Lazy Sunday: The Chronicles of Narnia Rap - Google Video

Very funny.

Just played Star Wars Risk today. Not bad, but I think I like Global Domination better.

Releasing send.pl and recv.pl soon.

Thinking about taking care of the website today.

The backup server is still really pissing me off.
Today, I will manually compile and run the very latest reiserfsck, which will hopefully find a problem (therfore meaning my suspicions were correct and more importantly that I found the problem, and may therefore fix it (either by using ext3, upgrading gentoo, or reinstalling)). Maybe I'll also see if the hashing tools are messed up, but I doubt it.


i'm productive

I learned perl. I wrote a client and server program in perl with an extremely lightwieght (fast but not especially secure or reliable). The protocol is very simple. It uses TCP/IP. It is simply data ended with an EOF. So what's the point? You can pipe anything into the client, and expect it to be piped out of the server (obviosly, you could just have them use keyboard & moniter, but then you'd just be sending messages to the other person; i suppose you could set up one of these in each direction and carry on a conversation. primitive IM!)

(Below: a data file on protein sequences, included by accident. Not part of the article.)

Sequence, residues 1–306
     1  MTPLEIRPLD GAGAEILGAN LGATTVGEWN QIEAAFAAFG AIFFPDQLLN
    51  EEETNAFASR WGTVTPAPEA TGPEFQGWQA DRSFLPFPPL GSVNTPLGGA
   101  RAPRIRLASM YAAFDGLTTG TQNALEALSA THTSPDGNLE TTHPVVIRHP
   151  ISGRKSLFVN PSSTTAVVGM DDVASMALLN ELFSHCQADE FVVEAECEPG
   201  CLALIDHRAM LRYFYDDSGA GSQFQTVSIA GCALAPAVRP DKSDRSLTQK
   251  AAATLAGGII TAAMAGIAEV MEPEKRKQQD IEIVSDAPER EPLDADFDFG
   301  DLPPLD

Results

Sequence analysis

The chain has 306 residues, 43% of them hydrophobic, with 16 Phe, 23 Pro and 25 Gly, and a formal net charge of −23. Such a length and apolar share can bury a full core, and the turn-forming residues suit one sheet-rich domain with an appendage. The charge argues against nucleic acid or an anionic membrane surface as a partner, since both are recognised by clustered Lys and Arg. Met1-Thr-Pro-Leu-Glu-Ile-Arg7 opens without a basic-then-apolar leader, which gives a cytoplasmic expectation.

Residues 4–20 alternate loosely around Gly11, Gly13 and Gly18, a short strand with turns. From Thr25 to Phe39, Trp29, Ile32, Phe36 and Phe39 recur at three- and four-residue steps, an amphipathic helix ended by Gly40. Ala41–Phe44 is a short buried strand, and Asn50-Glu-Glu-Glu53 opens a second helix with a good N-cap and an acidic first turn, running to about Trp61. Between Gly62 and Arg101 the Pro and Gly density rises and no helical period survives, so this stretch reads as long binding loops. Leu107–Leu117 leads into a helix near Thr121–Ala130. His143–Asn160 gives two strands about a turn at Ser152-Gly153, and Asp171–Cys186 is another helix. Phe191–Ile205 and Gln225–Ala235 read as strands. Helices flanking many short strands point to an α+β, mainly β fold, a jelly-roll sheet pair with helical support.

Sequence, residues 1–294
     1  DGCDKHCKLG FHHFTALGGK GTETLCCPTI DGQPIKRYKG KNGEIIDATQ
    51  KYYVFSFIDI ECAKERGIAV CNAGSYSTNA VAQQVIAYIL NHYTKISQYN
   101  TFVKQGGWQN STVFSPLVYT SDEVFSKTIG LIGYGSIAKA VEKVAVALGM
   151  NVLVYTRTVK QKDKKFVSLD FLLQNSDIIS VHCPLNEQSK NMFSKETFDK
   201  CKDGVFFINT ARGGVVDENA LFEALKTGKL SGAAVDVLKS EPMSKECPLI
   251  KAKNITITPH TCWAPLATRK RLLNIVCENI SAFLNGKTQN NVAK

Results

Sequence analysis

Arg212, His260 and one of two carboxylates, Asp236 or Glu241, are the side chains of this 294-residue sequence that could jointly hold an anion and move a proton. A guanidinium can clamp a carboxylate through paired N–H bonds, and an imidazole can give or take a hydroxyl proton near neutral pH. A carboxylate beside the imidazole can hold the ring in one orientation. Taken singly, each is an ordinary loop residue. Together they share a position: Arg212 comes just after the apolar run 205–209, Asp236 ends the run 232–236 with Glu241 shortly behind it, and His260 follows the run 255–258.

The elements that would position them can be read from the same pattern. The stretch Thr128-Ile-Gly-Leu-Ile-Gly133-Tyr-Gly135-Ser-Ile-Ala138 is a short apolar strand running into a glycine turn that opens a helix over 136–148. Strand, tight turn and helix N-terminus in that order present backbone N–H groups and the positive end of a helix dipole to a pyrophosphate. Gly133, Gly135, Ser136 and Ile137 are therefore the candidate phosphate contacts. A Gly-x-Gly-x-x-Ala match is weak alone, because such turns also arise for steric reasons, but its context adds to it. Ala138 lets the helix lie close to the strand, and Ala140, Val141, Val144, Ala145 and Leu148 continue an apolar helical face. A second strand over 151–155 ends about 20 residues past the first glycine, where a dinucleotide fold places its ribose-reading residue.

Anyway, what's the point? If I'm running tar or something like that, and I want to ultimately have the tarball on another computer, and the computer I'm running tar on doesn't have enough room for the file, I just pipe that info into the client, and then have the server running on the machine with the big hard drives and pipe its output to a file there. That's the main point of it, but it could also be used for sending files (but since you probably should be running in an SSH tunnel anyway, it would be much better to use scp).